Association for Behavior Analysis International

The Association for Behavior Analysis International® (ABAI) is a nonprofit membership organization with the mission to contribute to the well-being of society by developing, enhancing, and supporting the growth and vitality of the science of behavior analysis through research, education, and practice.


36th Annual Convention; San Antonio, TX; 2010

Event Details

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Symposium #290
Improvement of the Quantity and Quality of Undergraduates' Participation in Class Discussion
Sunday, May 30, 2010
4:30 PM–5:50 PM
Texas Ballroom Salon A (Grand Hyatt)
Area: EDC/TBA; Domain: Applied Behavior Analysis
Chair: Robert Lee Williams (University of Tennessee)
Discussant: Christopher Skinner (University of Tennessee)
Abstract: This symposium will provide an overview of different methods for assessing and improving both the balance of discussion across students and the quality of student comments in large college classes. The principal mode of assessing quantity of discussion was student self-recording of their class comments each day. Strengths and weaknesses of the self-assessment procedure will be addressed by examining its reliability of self-recording under credit and non-credit conditions for participation. The possible treatment effect of self-recording on participation also will be examined. In addition, the effects of a variety of credit conditions on the balance of discussion across students will be presented: (1) continuous daily credit for participation; (2) intermittent credit for participation across days within course units, with the credit days randomly determined at the end of each unit; and (3) intermittent credit across days within units, with the credit days randomly determined at the end of the course. In addition to examining the role of self-recording and credit on the distribution of discussion across students, we will propose a method for assessing the quality of discussion and identify predictors of discussion quality.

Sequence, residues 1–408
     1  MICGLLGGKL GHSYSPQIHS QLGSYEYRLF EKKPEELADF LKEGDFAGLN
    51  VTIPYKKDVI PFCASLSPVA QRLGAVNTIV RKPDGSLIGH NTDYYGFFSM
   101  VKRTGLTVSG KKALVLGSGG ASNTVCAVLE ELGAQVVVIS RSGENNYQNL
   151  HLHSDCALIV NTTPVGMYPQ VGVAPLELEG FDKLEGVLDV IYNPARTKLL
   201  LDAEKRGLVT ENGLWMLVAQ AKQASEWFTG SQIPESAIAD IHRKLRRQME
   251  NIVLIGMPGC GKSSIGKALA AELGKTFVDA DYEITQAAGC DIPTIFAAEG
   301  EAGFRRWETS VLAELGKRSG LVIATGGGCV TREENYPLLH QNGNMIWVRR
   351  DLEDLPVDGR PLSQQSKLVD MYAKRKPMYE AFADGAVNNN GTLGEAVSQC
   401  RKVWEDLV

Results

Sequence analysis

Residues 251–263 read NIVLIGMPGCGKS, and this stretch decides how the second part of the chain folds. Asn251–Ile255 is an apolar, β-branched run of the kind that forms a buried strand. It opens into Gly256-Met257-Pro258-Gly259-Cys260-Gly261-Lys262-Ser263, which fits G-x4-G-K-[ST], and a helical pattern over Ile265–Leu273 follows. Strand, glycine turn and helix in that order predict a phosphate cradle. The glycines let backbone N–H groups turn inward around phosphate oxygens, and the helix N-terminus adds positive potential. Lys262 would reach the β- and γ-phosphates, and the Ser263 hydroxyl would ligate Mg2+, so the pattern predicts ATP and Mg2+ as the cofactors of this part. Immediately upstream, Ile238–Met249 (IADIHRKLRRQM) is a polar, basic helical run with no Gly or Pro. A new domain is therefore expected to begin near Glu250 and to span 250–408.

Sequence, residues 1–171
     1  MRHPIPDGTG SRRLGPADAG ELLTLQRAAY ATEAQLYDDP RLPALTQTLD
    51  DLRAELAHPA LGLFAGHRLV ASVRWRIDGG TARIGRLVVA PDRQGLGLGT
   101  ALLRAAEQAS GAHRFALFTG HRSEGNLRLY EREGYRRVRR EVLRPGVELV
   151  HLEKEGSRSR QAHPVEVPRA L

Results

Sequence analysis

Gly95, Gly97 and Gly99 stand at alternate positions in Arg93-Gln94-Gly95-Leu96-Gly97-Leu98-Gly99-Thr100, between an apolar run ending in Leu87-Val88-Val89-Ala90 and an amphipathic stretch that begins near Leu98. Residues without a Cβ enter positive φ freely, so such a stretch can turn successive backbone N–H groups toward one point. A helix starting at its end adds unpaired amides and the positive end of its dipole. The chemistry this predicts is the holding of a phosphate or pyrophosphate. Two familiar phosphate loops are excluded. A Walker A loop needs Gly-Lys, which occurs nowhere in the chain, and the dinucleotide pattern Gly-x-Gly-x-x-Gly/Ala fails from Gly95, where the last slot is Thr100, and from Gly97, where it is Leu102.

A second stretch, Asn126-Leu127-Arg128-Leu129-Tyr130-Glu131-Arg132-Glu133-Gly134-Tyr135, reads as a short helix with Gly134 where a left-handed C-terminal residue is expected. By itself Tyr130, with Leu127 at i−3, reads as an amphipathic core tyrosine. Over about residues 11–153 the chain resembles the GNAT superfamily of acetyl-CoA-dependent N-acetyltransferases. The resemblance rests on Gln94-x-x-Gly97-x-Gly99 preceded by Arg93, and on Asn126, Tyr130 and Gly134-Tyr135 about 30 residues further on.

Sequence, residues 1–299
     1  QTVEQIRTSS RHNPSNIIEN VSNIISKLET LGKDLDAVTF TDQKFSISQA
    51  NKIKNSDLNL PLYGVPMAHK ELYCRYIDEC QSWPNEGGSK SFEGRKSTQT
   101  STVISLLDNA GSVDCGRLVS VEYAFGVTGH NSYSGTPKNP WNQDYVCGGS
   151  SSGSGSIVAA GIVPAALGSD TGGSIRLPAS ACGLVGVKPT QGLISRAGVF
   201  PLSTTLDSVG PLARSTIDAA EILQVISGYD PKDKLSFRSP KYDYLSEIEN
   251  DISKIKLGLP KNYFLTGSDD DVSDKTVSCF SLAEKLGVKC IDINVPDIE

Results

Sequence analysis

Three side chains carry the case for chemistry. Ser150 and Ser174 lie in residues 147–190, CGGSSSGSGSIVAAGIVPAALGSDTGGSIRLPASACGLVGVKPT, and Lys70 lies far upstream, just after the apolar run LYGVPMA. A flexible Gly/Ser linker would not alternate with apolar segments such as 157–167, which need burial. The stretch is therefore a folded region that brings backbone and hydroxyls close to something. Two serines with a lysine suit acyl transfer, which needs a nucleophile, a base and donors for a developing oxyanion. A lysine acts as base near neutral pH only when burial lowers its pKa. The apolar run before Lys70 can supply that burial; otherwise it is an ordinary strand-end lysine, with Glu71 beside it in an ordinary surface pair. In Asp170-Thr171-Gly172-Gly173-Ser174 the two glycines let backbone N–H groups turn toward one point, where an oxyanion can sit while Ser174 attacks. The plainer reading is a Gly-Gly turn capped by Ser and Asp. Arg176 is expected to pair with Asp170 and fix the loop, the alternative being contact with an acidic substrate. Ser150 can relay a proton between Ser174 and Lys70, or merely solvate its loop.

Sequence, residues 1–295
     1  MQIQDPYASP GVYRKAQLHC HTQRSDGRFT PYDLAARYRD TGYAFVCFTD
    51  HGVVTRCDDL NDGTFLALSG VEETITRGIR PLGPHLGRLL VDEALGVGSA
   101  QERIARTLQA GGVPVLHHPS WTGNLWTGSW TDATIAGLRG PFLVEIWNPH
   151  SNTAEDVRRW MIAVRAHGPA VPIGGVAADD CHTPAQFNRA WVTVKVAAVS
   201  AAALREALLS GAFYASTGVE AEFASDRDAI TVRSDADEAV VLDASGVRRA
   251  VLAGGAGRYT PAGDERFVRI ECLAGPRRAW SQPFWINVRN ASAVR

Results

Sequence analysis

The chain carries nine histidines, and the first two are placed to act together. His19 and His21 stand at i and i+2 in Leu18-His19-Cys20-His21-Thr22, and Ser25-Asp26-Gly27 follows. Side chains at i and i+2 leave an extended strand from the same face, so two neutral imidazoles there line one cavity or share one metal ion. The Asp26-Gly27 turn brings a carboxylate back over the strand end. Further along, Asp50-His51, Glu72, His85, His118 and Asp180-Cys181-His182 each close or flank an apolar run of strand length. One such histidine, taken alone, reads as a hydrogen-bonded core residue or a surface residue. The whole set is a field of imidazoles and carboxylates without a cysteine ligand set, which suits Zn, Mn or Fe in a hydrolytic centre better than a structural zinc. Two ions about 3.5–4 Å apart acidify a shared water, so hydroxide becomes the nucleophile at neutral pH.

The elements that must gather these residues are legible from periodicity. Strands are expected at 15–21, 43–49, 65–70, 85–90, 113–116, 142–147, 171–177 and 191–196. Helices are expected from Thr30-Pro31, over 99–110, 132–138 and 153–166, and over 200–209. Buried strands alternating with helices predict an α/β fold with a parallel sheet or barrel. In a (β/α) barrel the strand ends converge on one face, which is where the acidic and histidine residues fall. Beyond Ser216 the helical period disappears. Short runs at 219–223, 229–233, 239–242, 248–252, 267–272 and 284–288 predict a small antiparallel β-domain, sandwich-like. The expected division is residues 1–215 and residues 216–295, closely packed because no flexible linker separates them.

The Effects of Self-Recording and Contingent Credit on Student Participation in Large College Classes
KATHERINE R. KROHN (University of Tennessee), Kathleen Briana Aspiranti (University of Tennessee)
Abstract: The study compared the effects of students’ (a) self-recording versus not self-recording class participation, (b) receiving credit versus no credit for participation, and (c) combining self-recording and credit on the quantity of class participation in three large sections of an undergraduate human-development course (initially 55 students per section). Percentage of students participating at different levels (e.g., non-participation, occasional participation, frequent participation, and dominant participation) constituted the major dependent variable. Ancillary dependent measures included relevance and type of class comments. In selected phases, students self-recorded their comments on specially designed record cards that included space for recording other credit-producing activities (e.g., homework completed). In other phases, students received a small amount of credit for making up to two comments in class discussion. Two different sets of observers recorded student participation and instructor behaviors that might affect participation. The research design included elements of both reversal and multiple-baseline designs. Credit decreased the percentage of both non-participants and dominant participants, thus balancing participation across students. Self-recorded participation strongly correlated with observer-recorded participation, but self-recording had minimal effect on participation. Neither treatment condition altered relevance or type of student comments. Instructor behaviors differed minimally across treatment condition and appeared not to inflate or diminish the effect of treatment conditions.